The federal public health emergency responding to the COVID-19 pandemic expired on May 11, 2023. COVID-19 still is in circulation, and vaccines and treatments still remain available. The following information is meant to guide CU Medicine patients who have been exposed to or become ill with COVID-19.
Please call your provider or schedule a Virtual Visit if any of the following apply to you:
- New cough, fever of 100.4°F or greater, or shortness of breath in the last 72 hours OR
- Two or more of these symptoms that are new in the last 72 hours: Chills, muscle aches, severe headache, sore throat, runny nose, vomiting, diarrhea, loss of smell or loss of taste.
What to Do If You Were Exposed to COVID-19
As of August 11, 2022, Centers for Disease Control and Prevention no longer recommends quarantine for people who have been exposed to COVID-19, regardless of vaccination status. However, CDC recommends that people who have been exposed still take precautions to protect others, such as masking around others for 10 days and getting tested five days after exposure.
If you were exposed to the virus that causes COVID-19, the CDC outlines steps you should take, regardless of your vaccination status or if you have had a previous infection.
- Wear a mask any time you are around others inside your home or indoors in public as soon as you find out you were exposed, and for 10 full days after you have been exposed.
- Watch for symptoms for 10 full days after being exposed, including fever (100.4°F or greater), cough, and shortness of breath.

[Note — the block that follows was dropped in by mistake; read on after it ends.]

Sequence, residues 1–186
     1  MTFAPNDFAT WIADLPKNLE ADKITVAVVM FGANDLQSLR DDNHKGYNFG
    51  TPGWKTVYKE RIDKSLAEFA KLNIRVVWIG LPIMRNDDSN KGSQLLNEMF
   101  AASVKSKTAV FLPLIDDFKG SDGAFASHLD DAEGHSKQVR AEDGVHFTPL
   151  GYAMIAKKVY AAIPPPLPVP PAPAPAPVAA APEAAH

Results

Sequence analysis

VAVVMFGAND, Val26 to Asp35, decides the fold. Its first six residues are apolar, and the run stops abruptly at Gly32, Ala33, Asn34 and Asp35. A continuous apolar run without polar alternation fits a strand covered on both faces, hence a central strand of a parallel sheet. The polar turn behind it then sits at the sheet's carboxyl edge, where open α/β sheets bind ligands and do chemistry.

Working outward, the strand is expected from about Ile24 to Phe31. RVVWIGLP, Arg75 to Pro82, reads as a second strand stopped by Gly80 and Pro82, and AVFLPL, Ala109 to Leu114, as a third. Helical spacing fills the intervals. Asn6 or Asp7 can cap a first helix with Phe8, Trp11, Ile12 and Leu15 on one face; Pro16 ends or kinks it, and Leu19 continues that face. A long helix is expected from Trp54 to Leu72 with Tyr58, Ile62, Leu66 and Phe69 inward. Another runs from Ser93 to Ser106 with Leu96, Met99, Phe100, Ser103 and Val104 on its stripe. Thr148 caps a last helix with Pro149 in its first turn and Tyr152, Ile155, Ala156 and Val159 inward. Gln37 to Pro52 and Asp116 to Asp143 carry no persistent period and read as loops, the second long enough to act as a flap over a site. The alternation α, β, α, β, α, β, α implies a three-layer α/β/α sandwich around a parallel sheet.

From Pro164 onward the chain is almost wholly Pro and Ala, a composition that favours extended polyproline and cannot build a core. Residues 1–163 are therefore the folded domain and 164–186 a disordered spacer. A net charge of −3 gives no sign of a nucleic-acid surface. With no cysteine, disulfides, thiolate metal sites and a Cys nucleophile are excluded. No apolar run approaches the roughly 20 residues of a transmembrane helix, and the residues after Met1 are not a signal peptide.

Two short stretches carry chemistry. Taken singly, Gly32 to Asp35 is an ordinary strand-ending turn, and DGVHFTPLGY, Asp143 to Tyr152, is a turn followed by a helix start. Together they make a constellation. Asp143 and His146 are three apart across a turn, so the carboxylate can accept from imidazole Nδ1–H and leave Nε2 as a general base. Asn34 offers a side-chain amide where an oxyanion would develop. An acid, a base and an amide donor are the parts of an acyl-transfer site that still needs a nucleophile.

- If you develop symptoms, isolate immediately, get tested, and stay home until you know the result.
- At least 5 full days after your last exposure, get tested for COVID-19. If you test negative, continue taking precautions through day 10, including wearing a mask.
- If you test positive, isolate immediately.
What to Do If You Test Positive for COVID-19
If you have COVID-19, you can spread the virus to others. There are precautions you can take to prevent spreading it to others: isolation, masking, and avoiding contact with people who are at high risk of getting very sick. Isolation is used to separate people with confirmed or suspected COVID-19 from those without COVID-19.
- Regardless of vaccination status, you should isolate from others when you have COVID-19. If you test positive for COVID-19, stay home for at least 5 days and isolate from others in your home. You are likely most infectious during these first 5 days.
- Wear a high-quality mask if you must be around others at home and in public.
- Do not travel until you have ended isolation.
- Stay home and separate from others as much as possible.
- Don’t share personal household items, like cups, towels, and utensils.
- Monitor your symptoms. If you have an emergency warning sign (such as trouble breathing), seek emergency medical care immediately.
- After day 5, if you had no symptoms OR if your symptoms are improving and you are fever-free for 24 hours without the use of fever-reducing medication, you may end isolation.
- After day 5, if your symptoms are not improving, continue to isolate until you are fever-free for 24 hours without the use of fever-reducing medication AND until your symptoms are improving.
- If you experienced shortness of breath or had difficulty breathing, continue to isolate through day 10.
- If you were hospitalized or have a weakened immune system, continue to isolate through day 10 AND consult your doctor before ending isolation.
- After you have ended isolation, when you are feeling better, wear a mask through day 10.
We are monitoring insurance coverage guidance from Medicare, Medicaid, and Commercial Insurance Plans and will make best efforts to ensure our patients receive their maximum insurance coverage.
From all of us at CU Medicine, we thank you for the trust you place in us for your healthcare and we send well wishes to all in our community.